Tuesday 22 March 2011

Rules is rules

I issued another dog-walker with an asbo this morning. I've been watching her, or rather her dog, gallop care-free through the Skylark breeding areas for the past few days. She knew this, and would guiltily put her dog on a lead when she saw me looking in their direction. Today I stopped her, asked her if she had seen the signs. She had. But the dog needed its exercise. There are other dogs running in the long grass too. That doesn't make it right, I chided. Honestly, like speaking to a child. She huffed. I persisted. Finally, a reluctant "well I'll try to stay over this side, but it won't be all the time". We'll see. The closest Skylark population to central London, and she'll perhaps try. There are rules you know.

Here is one of them, taken from the whopping great sign in the Park. The disturbance bit is pretty unequivocal, and "effectually restrained from causing annoyance to any person" is presumably ye olde english for don't let your dog bite birders. Good to see that the same problems existed half a century ago.

Whilst byelaw #11 is still as valid now as it ever was, there are some great ones that perhaps need a bit of reworking.

#29 is a good one - no shooting galleries or coconut shies, golly gosh how dreadful that would be. What would it be these days I wonder? A man in a tent offering 1p mobile calls to Lebanon? Equally, no person shall hire out any mule or ass. Or goat. OK then, we won't. Lucky that rule is in place, we might otherwise be overrun. Quad-bikes, no problem. You will note also that photographic equipment is also a no no. Oops.

It gets better though, much better. In these previously enlightened times, gypsies, hawkers, rogues and vagabonds shall all be removed from the Park. Too right! Beggars, brawlers, gamblers and fortune-tellers are all similarly undesired. Away with ye! And no tramps either, which could be highly problematic for the local birders, and god only knows what might have happened at the Wryneck twitch last year had the Epping Forest constables been present. Several might have been carted off!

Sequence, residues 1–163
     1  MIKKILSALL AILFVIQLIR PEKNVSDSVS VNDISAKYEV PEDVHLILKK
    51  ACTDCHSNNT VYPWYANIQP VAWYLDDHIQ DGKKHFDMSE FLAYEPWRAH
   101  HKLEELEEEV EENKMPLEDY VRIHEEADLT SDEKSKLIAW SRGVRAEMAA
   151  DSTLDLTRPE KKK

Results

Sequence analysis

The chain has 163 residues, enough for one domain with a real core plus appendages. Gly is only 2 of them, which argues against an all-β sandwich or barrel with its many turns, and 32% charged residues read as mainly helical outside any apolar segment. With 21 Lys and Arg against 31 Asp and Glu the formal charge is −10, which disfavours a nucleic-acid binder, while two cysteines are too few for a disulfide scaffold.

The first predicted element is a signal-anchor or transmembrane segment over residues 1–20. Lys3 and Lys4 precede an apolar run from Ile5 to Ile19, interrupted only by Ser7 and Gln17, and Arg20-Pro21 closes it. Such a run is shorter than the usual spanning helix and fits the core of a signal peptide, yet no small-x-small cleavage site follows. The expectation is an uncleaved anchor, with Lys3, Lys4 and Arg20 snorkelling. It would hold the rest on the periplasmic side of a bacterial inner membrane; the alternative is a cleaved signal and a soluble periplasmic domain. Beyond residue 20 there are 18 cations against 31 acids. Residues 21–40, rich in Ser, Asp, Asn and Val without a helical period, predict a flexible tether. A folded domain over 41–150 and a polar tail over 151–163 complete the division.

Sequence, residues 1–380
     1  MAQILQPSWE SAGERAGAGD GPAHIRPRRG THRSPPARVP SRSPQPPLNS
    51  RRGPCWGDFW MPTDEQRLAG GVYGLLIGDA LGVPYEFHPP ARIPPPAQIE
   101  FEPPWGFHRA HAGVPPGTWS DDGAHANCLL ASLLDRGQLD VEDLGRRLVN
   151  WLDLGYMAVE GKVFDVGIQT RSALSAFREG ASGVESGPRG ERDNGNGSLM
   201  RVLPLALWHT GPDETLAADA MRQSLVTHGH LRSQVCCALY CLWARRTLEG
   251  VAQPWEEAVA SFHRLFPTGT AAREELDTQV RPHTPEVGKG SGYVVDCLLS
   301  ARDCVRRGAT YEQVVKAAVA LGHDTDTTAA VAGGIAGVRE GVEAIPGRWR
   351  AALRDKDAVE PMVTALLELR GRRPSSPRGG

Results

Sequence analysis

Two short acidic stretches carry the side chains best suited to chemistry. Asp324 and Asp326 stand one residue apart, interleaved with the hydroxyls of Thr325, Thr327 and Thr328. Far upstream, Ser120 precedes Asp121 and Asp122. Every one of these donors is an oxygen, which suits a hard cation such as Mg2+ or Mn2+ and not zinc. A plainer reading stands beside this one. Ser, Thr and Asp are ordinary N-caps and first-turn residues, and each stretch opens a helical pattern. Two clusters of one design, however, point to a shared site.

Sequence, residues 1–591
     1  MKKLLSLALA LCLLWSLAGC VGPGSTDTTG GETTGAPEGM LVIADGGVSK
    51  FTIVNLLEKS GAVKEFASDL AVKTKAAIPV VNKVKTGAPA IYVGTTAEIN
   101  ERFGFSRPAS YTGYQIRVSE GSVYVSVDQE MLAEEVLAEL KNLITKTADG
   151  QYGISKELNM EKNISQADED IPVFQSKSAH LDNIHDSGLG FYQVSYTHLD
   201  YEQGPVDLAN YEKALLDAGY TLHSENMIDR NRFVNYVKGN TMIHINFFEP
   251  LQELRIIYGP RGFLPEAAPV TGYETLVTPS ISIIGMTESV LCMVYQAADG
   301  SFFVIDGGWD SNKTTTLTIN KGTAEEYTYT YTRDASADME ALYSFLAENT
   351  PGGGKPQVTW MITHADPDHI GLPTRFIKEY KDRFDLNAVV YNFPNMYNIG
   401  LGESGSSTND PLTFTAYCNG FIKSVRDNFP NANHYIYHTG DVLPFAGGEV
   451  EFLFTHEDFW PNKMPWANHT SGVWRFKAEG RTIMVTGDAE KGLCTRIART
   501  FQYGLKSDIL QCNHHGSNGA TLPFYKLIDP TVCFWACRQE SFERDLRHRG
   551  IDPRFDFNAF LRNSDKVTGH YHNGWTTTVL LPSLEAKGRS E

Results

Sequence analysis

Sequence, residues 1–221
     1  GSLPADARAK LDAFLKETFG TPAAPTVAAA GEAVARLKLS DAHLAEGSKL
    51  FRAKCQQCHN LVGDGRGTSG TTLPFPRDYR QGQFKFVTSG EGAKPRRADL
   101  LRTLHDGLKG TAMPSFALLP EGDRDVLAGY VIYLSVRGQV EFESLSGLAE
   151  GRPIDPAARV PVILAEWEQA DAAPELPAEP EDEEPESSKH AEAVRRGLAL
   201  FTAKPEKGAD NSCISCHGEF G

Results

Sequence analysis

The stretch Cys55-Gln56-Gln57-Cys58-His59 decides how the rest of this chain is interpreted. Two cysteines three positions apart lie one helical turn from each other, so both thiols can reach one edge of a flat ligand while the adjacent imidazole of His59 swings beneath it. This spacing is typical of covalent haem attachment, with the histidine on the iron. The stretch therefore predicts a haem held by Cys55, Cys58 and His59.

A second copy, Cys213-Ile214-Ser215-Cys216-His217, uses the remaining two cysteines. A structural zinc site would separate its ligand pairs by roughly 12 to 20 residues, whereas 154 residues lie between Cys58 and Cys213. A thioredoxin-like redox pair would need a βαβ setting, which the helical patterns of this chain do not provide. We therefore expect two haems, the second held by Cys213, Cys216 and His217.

Superb, no? One can only imagine bucolic scenes of groups of vagabonds sat in the copses betting on dice, gypsy women roaming the broom fields plying for people to cross their palms with silver, rogues cursing at females, and mass brawling. Or you could just wait for the fair to turn up again.

Saturday 19 March 2011

Jokerman dance to the Nightingale tune

Took this tonight, at extreme focal length and on a timer etc. Being techy (as in technologically-minded, dull and boring, as opposed to mildly irritated) for a moment, I used a neat function called Live View, where the mirror assembly flips up and the screen shows the light path. You can zoom in to 10x to aid in manually tweaking the focus, so the screen showed the equivalent of 10,000mm of focal length. At this extreme magnification, the slightest wobble threw it out. More interesting though was that you could see the moon moving, literally tracking across the screen. Or maybe we're moving, not too hot on the whole science thing, but it is amazing nonetheless. The tripod wasn't moving, or at least not independently of Planet Earth anyway, but the Moon was. Maybe. Even more interesting than that, though a hard act to follow, was that every now and again a Passerine could be seen flying across the face of the Moon. If you ever wanted to see nocturnal migration in action, tonight is the night. I had Bluethroat, Red-backed Shrike, Thrush Nightingale, Wheatear (finally), Short-toed Lark......